Tata Steel and Tata Chemicals under investor watch
Tata group stocks such as Tata Motors, TCS, Tata Steel, Tata Communications, Tata Metaliks, Titan Company and Tata Chemicals reacted sharply in early deals and lost between one per cent and five per cent at closing on Tuesday. A day after Cyrus Mistry was removed as the chairman of the Tata group, the S&P BSE Sensex and the Nifty 50 fell 0.2-0.3 per cent.
Just as the investors were digesting the news of sudden change of guard at Bombay House, experts recommended caution on Tata Steel and Tata Chemicals. Indian Hotels, Tata Steel and Tata Chemicals are among prominent Tata stocks that lost over two per cent in Tuesday’s trade.
According to experts, Tata Steel and Chemicals may face delays in the ongoing process of trimming their foreign assets.
“We believe Tata Steel (share) price may be negatively impacted. Cyrus Mistry was the driver of Tata Steel’s strategy to sell-off its European assets. The move (Ratan Tata taking charge from Cyrus Mistry) may see delays in ongoing joint venture talks with ThyssenKrupp,” CLSA warned its clients in a report published on Tuesday.
Bank of America-Merrill Lynch (BoFA-ML) echoes similar views. “This change of leadership at the Tata group was unexpected. Increased uncertainty at the top could affect stock prices of listed companies in the near term,” said BoFA-ML.
“This decision could indicate that the board wishes a change in group strategy,” the brokerage added. With this, experts at BoFA-ML warned if decisions regarding sale of assets for the group’s steel and chemicals companies were changed, it could matter significantly for the market.
Some experts suggested that Tata Power, too, could come under scrutiny. “It appears that Tata Sons wasn’t in favour of Tata Power acquiring solar assets from Welspun,” said Sudip Bandhopadyay, chairman, Inditrade Capital. Tata Power stock lost 1.5 per cent in Tuesday’s trade. “Therefore, I would be careful on Tata Steel, Tata Power and Tata Chemicals”, he stated.
Experts said investors looking for fresh exposure into Tata group stocks should be extremely prudent over four-six months.
“While there may not be big-bang changes to operations in the four-month tenure of Ratan Tata, who will take over the reins from him assumes high importance,” said a fund manager of domestic fund house. “If Mistry’s decisions on stake sale are reversed, it would weigh heavily on investors,” he added.
Edelweiss also has a similar outlook. “Under Mistry, Tata group took significant steps towards deleveraging and better utilisation of capital over the last few years,” the brokerage said in its report. “His absence may impact the future strategy and delay the process of deleveraging and improvement in return ratios at the group level,” Edelweiss added.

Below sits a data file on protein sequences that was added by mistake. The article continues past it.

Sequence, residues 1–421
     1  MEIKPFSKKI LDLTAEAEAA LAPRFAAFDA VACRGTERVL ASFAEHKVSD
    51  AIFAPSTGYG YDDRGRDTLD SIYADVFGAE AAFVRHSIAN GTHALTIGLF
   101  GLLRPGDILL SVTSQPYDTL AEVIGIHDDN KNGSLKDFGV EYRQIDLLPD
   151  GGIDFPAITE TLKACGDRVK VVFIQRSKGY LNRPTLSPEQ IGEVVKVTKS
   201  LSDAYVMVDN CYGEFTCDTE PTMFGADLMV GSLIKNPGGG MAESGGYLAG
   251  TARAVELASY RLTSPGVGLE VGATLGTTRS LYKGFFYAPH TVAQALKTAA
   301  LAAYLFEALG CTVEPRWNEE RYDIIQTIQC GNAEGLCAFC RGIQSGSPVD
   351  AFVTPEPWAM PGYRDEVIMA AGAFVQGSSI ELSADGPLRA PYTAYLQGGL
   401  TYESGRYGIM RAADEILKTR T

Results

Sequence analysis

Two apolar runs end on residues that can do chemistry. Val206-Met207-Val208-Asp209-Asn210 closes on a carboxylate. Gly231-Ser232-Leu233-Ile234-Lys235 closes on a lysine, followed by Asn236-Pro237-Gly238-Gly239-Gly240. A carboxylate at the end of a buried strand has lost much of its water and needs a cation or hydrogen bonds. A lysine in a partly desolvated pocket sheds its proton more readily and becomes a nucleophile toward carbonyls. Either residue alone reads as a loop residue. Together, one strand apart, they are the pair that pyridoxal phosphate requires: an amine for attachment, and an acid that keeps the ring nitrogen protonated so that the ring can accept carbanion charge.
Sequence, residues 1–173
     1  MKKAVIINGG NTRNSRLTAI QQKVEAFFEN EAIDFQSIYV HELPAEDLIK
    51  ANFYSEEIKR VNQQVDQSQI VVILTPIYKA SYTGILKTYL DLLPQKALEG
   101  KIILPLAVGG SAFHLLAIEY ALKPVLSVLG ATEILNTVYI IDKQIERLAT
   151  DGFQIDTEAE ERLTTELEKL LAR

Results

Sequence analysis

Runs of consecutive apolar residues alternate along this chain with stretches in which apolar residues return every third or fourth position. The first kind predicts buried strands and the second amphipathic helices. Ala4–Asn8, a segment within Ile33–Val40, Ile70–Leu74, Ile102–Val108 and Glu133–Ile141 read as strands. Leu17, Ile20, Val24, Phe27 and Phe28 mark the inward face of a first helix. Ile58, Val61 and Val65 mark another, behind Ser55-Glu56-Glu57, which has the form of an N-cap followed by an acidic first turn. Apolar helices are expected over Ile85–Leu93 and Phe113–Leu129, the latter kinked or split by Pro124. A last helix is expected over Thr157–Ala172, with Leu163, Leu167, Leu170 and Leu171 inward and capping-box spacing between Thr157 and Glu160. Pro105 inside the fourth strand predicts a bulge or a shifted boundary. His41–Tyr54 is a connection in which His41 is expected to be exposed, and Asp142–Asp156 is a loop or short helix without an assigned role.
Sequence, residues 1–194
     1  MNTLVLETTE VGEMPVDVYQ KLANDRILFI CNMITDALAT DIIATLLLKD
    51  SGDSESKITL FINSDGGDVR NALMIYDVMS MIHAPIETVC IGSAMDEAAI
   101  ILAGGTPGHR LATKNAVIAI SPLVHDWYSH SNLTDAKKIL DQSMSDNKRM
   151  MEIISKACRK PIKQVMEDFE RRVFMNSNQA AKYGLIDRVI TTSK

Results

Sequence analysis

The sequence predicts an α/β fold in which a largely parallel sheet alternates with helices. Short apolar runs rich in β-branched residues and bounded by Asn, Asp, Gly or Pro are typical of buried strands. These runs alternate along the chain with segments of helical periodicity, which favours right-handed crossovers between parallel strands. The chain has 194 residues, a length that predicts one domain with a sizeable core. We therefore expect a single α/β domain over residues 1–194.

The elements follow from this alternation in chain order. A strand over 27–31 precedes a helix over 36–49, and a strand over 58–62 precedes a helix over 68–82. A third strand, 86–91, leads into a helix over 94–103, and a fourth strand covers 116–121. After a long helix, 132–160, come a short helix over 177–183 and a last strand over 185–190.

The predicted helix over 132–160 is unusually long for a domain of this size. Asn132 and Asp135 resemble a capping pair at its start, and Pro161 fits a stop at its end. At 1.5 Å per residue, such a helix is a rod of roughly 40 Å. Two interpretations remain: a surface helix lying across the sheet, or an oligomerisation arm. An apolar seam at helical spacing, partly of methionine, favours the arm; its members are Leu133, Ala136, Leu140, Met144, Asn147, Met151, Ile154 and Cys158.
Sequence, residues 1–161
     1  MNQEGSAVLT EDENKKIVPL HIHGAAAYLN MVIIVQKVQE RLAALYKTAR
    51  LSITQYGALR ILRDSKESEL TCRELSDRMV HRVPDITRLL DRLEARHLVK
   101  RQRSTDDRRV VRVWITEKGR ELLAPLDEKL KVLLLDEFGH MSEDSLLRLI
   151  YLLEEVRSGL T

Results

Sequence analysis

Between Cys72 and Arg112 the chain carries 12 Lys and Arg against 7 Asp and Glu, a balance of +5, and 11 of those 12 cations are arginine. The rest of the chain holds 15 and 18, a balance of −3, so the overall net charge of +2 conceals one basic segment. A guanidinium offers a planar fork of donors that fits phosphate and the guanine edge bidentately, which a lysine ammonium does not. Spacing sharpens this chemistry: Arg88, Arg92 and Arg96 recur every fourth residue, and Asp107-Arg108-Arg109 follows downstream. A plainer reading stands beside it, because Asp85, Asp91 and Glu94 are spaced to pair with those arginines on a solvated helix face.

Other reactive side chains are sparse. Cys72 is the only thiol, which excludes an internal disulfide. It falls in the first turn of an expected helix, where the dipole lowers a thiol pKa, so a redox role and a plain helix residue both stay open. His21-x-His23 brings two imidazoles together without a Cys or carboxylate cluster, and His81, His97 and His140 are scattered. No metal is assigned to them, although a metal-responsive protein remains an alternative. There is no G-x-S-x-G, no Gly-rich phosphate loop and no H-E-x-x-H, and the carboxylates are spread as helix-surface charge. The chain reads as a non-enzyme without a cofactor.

A lot would also depend on how the boardroom battle plays out, say experts. In case this goes on to become a long-drawn legal battle between Pallonji Group and Tata Sons, analysts say, then it could be very bad for Tata group stocks for next 6-12 months.
“If Mistry goes to court, all group stocks would react negatively and the next few months can be bad. On the other hand, if the matter is settled within the boardroom, it would be the best thing to happen for Tata group shareholders,” said A K Prabhakar, head of research at IDBI Capital.
However, from a longer-term perspective, experts do not see more trouble for investors.
“The way the change in leadership happened was a shock and matter of curiosity for all investors, explaining the knee-jerk reaction on Tuesday. But beyond that, it would be business as usual for the the Tata group pack,” added Bandhopadyay. Shriram Subramanian, founder, Ingovern Research Services, said at an operating company level, investors should not worry as Monday’s development doesn’t change the business.
So does G Chokkalingam, founder & managing director of Equinomics Research & Advisory. He said, “The problems of major group companies like TCS (growth slowdown in western world), Tata Power (sector issues) and Tata Steel (Chinese dumping and lack of cost advantage for its European subsidiary) are either inherited and/or have to do with adverse economic conditions."
Since each company, experts say, operates in a unique environment and has a different set of sector-related dynamics playing out, the same will determine how the stocks perform in the long run.
“In my view, this is negative in the near term from a sentiment point of view. In terms of operations of the group, there will be little change because it already has a leadership team in place. As long as the group is able to find a successor in six months from now, it should be business as usual; and investors need not worry,” said Jigar Shah, chief executive officer, Maybank Kim Eng Securities.
Photograph: Vivek Prakash/Reuters